WASHINGTON -- Jim Hansen and his wife considered themselves fortunate when they retired five years ago.
The Denver couple, both electrical engineers, were healthy. They'd socked away an ample nest egg. And they found health insurance that, if not cheap, seemed reasonable for two people in their late 50s.
Then, the math started to change. Since 2015, the couple's annual premiums have more than tripled, and may hit nearly $18,000 next year.
"It just doesn't make sense," said Hansen, who has had to recalculate his retirement finances.
The Affordable Care Act made lifesaving protections available to millions, many for the first time. But the transformation of the nation's insurance markets has been a bumpy ride, particularly for one group -- people like Hansen who get health insurance on their own, rather than through a job, but whose income is too high to qualify for government aid.
Now, these same consumers, who Republicans say are victims of the current law, stand to see insurance bills soar even higher unless Congress acts quickly to stabilize insurance markets that have been weakened by the Trump administration.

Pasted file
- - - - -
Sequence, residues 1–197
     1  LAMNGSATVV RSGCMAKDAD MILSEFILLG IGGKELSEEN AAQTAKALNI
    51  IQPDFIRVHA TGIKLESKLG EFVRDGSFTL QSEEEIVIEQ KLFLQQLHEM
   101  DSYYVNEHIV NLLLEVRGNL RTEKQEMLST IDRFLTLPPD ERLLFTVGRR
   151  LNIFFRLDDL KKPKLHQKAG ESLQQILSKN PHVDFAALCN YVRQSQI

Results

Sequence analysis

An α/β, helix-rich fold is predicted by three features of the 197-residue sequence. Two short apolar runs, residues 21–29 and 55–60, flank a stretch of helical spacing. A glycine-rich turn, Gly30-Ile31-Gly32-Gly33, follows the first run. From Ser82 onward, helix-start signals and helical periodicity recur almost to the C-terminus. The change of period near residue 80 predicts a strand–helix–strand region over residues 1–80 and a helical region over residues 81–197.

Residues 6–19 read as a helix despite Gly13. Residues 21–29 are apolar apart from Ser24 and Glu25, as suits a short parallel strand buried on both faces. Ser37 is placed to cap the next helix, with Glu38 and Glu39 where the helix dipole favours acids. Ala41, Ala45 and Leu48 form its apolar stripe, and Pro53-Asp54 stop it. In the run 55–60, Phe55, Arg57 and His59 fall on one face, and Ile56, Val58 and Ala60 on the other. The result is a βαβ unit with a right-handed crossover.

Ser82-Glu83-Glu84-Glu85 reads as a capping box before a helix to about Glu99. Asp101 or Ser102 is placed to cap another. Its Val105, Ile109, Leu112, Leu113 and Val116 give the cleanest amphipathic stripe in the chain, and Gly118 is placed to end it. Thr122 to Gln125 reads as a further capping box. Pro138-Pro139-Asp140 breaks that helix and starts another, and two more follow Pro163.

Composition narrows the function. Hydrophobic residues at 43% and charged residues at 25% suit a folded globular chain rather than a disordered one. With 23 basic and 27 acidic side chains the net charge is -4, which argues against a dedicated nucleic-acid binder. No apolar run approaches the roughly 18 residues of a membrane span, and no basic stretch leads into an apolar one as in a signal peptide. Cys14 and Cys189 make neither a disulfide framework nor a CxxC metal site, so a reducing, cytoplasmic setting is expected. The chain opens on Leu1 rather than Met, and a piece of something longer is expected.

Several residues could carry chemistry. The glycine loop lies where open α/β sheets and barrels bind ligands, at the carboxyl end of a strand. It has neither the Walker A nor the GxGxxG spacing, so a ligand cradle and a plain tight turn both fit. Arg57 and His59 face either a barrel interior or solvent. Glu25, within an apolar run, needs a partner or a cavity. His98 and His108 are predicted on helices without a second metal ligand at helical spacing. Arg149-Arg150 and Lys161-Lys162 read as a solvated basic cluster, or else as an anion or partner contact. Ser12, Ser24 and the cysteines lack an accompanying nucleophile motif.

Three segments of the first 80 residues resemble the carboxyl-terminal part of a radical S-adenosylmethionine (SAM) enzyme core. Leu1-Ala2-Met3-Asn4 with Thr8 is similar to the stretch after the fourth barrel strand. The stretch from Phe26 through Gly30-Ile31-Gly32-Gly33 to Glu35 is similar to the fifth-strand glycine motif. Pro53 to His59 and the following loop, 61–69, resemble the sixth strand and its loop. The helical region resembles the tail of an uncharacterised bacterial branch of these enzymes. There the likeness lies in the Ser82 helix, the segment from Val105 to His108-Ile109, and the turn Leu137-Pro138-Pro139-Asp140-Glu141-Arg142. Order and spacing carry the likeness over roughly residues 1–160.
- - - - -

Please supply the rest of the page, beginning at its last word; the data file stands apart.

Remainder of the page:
Hansen's insurer, Cigna, plans to increase premiums for individual insurance plans in Colorado by an average of 31 percent for 2018 -- one of many double-digit increases slated to hit consumers around the country next year.
"Many of these people are just normal, middle-class folks," said former Kansas Insurance Commissioner Sandy Praeger. "And they're just not going to be able to afford coverage."
Praeger, a Republican, is among a bipartisan chorus of state regulators, governors and health insurance officials urging Congress to take a set of relatively simple steps to stabilize markets and help consumers like Hansen.
A group of Republican and Democratic senators is now racing to put together legislation.